County efforts to expand internet move forward
Construction could begin in spring
By this time next year residents in rural Taylor County could have access to affordable high speed internet.
That was the message from supervisor Mike Bub, chair of the county’s broadband committee, giving board members an update on the project at the Sept. 30 county board meeting.
According to Bub, by working with the fiber network company WANRack, based in Lenexa, Kan., the county could see construction work on the middle mile network beginning next spring with customers having access to it by as early as next fall.
Under the deal, the county would help cover some of the construction cost and then agree to lease a portion of the fiber lines. The county and the company would then lease access to the middle mile network to internet service providers as well as major users such as the schools and libraries. The revenue from these agreements would go to offset the county’s lease and pay the debt service on the county’s portion of the construction expenses. By working with schools, the county would be able to tap into federal e-rate dollars which will help defray the cost.
Bub said the county’s goal all along has been to get affordable high speed internet to residents. He noted that under the current proposal of working with WANRack, the county would have a turn-key operation with WANRack responsible for the ongoing upkeep of the fiber network.
The network proposed for the county would utilize a combination of buried fiber optic cable and microwave relay towers to provide a network backbone. Bub noted the relay towers are used for areas where it is not practical or too expensive to put in the buried line. He said the fiber optic cables cost about $90,000 a mile to install.
According to Bub, the county is in a request for proposals (RFP) period after which they will look at entering formal agreement with WANRack or other business partner and move ahead with construction in spring 2021.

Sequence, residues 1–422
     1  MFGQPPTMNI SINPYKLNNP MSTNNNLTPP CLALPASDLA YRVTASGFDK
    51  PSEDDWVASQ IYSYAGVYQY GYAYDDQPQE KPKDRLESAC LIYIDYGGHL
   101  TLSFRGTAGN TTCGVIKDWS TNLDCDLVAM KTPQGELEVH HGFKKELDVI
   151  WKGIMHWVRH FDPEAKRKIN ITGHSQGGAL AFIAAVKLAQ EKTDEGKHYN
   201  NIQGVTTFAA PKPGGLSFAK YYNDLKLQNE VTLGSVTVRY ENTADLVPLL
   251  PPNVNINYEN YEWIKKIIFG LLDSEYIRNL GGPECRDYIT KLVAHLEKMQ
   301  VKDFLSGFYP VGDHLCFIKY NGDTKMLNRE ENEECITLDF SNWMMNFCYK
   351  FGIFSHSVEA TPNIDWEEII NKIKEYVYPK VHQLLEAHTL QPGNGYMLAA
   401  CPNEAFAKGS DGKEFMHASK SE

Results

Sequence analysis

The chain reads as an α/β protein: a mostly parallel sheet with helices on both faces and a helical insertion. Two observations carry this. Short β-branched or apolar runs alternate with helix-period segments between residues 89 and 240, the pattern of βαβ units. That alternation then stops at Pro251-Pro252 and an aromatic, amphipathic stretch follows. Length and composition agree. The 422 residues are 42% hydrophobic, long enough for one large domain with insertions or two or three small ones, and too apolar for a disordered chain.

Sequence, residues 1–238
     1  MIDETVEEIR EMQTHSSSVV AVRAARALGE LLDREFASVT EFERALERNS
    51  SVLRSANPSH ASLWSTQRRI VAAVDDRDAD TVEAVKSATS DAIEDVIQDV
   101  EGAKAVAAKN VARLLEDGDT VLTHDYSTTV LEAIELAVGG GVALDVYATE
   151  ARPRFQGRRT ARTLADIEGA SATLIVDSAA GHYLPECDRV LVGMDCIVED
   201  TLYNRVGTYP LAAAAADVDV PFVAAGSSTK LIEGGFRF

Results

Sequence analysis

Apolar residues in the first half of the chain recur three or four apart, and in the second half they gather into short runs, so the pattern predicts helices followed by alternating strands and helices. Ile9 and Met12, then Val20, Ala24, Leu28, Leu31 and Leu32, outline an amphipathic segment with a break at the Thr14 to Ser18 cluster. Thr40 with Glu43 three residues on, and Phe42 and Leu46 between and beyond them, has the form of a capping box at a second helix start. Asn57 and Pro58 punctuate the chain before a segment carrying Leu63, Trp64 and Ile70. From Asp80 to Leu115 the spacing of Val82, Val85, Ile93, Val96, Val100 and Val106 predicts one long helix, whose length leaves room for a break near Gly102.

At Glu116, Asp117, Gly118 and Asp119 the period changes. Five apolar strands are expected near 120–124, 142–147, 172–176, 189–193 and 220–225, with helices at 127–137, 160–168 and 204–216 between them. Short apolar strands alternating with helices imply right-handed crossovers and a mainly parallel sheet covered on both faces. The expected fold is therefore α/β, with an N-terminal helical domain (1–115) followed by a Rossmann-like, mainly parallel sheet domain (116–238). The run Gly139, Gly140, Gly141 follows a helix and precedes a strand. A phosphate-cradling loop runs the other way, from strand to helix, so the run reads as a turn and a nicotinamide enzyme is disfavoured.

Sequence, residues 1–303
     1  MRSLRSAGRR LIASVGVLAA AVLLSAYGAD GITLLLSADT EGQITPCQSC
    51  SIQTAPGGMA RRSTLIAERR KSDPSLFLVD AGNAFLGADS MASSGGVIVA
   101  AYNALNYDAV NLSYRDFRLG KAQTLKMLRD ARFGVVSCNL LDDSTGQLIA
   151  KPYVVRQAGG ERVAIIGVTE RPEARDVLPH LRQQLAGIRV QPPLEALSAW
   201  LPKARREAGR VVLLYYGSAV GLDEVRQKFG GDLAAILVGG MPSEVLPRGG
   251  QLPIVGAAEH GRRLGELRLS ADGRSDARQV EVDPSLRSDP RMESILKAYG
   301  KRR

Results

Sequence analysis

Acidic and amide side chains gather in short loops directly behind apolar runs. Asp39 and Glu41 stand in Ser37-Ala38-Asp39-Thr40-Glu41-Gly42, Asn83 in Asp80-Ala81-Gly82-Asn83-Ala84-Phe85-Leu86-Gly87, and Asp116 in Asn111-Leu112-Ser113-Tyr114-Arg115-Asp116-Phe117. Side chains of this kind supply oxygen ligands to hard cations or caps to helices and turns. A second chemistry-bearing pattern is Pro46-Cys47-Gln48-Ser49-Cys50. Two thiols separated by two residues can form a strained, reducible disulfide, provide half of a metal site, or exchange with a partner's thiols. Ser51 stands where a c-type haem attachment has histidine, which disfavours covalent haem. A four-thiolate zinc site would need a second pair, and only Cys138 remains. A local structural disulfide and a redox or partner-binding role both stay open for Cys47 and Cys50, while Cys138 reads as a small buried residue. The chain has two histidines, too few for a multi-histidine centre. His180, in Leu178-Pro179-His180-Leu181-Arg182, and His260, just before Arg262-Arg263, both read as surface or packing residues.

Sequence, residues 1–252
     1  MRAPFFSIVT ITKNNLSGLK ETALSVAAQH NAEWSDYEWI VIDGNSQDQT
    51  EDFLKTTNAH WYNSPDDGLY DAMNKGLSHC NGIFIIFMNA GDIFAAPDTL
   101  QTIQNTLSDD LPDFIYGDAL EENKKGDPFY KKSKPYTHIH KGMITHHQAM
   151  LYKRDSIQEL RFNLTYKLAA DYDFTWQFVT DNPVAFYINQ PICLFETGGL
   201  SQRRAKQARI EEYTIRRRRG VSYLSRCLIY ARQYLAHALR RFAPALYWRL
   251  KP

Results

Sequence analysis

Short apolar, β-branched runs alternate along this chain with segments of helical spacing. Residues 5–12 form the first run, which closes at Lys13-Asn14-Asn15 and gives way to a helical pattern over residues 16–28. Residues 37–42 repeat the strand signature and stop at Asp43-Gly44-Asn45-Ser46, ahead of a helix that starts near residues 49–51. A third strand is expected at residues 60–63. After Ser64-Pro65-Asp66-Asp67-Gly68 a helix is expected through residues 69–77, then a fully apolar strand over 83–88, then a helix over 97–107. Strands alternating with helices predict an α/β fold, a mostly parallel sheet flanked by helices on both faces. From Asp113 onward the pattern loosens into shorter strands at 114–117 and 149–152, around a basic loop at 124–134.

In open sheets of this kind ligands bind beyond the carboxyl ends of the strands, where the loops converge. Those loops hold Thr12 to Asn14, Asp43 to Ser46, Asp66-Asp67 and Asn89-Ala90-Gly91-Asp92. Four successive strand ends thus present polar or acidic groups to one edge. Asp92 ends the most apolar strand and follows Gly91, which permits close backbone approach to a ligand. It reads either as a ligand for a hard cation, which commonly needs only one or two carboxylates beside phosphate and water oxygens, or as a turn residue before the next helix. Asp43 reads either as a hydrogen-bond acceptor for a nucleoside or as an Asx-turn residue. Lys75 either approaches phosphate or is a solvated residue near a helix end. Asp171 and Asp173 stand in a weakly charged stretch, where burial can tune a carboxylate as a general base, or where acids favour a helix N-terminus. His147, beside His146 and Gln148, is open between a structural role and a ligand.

County board members approved purchasing land in the village of Rib Lake for a new highway shop building to replace the current location.
While the vote to purchase the land was unanimous, supervisor Rollie Thums raised concern about plans to put it directly on CTH D, suggesting that setting it back further could open up developable properties along the road corridor.
“I don’t know that anyone wants to have a salt or brine shed in their front yard,” Thums said. The owner of the property was amendable to either selling the county the road frontage or a set-back parcel.
According to highway commissioner Ben Stanfley, there is a natural gas pipeline in the parcel that they have to work around. He said they are working with the village to deal with the setback from the village well. He said the plan would be to leave a screen of trees at the site between the buildings and CTH D. He said he would prefer to access directly onto the county highway rather than onto the local side road.
Supervisor Lester Lewis raised concerns about the cost of extending utilities from the road if the county decided to go further back on the property.
In other business supervisors, _ Approved a pair of funding requests for power line impact fees. The first was $15,000 for the restoration of the pond in the village of Stetsonville. Muskrats have undermined the bank causing the banks to collapse. The plan is to reestablish the banks, install rock, a pier and replace trees. The second request was also for $15,000 but board members only approved contributing $7,500 toward repairs at the community shelter owned by the Centennial Community Center. The shelter is used for gatherings and events and was in need of extensive repairs. Supervisor Ray Soper proposed reducing the county’s contribution noting that the structure is owned by the towns of Little Black, Deer Creek and village of Stetsonville and he felt those municipalities should be involved with the cost of the work. “I think providing $7,500 is more than generous,” he said.
_ Approved a resolution opposing the relocation of problem wolves to Taylor County. In the past, the state would trap and relocate wolves that had become a nuisance and while that practice is not as common as in the past, the county wanted to go on record opposing having wolves from elsewhere brought here.
_ Approved a resolution regarding the closure of the Verso Mill in Wisconsin Rapids and the concern about the impact it may have on timber sales in the county.
_ Approved a statement that Taylor County is not planning to pursue comprehensive county-wide zoning at this time. “I don’t think there is any political will to do countywide comprehensive zoning,” said supervisor Lester Lewis. The county board action was needed to clear the way for the town of Hammel to proceed with its local town zoning efforts. Hammel will join the towns of Grover and Little Black in having town-wide zoning.